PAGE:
finds its way to the top of the battery and recombines with the electrolyte.
Sealed absorbed glass mat (AGM)
Absorbed glass mat (AGM) is a class of valve-regulated lead acid battery (VLRA) in which the electrolyte is held in glass mats as opposed to freely flooding the plates. This battery is achieved by weaving very thin glass fibres into a mat to increase surface area enough to hold sufficient electrolyte for the lifetime of the cell.
The advantages to using the AGM batteries are many, yet these batteries are typically twice the cost of its flooded cell
counterpart. On the plus side, these cells can hold roughly 1.5 times the amp hour capacity of a similar size flooded battery due to their higher power density. Another factor that improves its efficiency is the higher lead purity used in AGM cells. Because of its sandwich construction, each plate no longer has to support its own weightThe low internal resistance allows these to be charged and discharged much faster than other types. AGM cells function well in colder temperatures and are highly resistant to vibration. There are many advantages to using the AGM cells over its flooded counterpart that are beyond the scope of this article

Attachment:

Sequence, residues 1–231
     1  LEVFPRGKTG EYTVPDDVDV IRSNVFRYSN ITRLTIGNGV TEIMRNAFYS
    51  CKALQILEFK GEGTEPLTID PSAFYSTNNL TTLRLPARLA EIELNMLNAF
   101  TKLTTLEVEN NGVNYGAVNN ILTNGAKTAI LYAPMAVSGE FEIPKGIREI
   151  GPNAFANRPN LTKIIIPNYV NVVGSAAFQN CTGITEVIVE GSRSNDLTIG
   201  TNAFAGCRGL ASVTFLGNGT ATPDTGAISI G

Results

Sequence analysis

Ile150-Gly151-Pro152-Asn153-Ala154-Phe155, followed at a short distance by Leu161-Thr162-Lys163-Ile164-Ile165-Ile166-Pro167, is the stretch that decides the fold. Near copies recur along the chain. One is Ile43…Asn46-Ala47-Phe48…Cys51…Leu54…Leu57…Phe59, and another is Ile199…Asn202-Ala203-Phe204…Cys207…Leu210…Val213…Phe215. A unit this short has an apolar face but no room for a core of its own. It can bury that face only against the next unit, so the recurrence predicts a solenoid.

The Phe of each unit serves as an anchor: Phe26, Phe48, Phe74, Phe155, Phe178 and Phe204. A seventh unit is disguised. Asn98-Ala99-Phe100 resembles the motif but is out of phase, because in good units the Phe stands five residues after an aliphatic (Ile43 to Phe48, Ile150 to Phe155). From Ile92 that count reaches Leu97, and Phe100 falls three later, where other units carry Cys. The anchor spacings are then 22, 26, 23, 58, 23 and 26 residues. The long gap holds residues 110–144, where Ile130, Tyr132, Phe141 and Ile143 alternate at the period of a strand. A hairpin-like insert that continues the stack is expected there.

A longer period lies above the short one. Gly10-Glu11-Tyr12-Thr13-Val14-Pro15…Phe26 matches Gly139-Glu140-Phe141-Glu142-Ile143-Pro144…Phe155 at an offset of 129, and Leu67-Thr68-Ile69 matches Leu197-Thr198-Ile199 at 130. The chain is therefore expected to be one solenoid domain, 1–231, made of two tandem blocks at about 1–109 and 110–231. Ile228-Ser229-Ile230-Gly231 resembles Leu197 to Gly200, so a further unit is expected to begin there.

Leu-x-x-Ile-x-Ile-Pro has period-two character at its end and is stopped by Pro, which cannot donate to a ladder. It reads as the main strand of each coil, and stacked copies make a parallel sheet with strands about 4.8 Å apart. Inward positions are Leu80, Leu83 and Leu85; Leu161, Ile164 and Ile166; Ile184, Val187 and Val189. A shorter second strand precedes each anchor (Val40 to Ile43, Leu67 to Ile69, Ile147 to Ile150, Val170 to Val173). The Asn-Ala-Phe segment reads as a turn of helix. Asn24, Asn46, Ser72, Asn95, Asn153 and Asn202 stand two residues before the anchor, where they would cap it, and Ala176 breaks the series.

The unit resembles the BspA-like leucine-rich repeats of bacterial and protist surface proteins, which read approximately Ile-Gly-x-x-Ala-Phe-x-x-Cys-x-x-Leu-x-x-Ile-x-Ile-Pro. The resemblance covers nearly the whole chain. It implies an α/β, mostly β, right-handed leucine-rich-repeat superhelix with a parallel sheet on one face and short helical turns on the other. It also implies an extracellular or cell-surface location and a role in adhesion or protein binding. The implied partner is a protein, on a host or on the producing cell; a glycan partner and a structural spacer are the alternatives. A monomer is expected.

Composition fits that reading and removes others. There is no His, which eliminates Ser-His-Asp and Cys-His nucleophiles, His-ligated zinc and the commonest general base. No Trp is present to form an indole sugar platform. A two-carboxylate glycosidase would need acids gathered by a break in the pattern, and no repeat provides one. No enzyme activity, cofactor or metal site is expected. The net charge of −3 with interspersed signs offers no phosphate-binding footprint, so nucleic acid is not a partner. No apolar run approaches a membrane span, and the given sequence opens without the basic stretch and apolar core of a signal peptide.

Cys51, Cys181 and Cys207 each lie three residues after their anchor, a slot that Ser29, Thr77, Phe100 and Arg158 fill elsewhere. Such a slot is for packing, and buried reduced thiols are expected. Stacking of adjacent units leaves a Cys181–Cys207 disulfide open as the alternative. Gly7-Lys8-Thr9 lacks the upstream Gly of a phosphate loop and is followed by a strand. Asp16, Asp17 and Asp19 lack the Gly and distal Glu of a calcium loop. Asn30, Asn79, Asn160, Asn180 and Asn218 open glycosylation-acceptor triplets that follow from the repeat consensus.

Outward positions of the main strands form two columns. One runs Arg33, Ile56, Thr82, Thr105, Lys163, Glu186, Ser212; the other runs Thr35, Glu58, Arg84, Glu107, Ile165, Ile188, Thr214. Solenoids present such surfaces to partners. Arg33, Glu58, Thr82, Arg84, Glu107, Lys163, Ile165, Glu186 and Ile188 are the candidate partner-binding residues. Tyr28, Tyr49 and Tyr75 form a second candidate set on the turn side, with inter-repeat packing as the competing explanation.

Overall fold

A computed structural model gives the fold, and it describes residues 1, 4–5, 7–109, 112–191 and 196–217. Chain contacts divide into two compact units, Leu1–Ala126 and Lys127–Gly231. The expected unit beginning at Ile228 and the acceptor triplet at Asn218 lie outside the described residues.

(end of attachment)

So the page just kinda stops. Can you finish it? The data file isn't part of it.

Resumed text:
Deep cycle versus shallow cycle
Lead acid batteries are designed to absorb and give up electricity by using a reversible chemical reaction. In battery lingo, a cycle on a battery occurs when the battery is discharged and charged back to the same level. How deep a battery is discharged is referred to as depth of discharge (DOD).
Starting lighting and ignition
Automotive starting, lighting, and ignition batteries (SLI) have a short or “shallow” depth of discharge, as it is designed to produce a high amount of current in a very short time. These batteries are not recommended for use in
photovoltaic systems, as it would quickly be ruined by the deep cycles required for extended use.
Deep cycle
Deep cycle batteries are designed with thicker lead plates, which have less overall surface area than its thinner SLI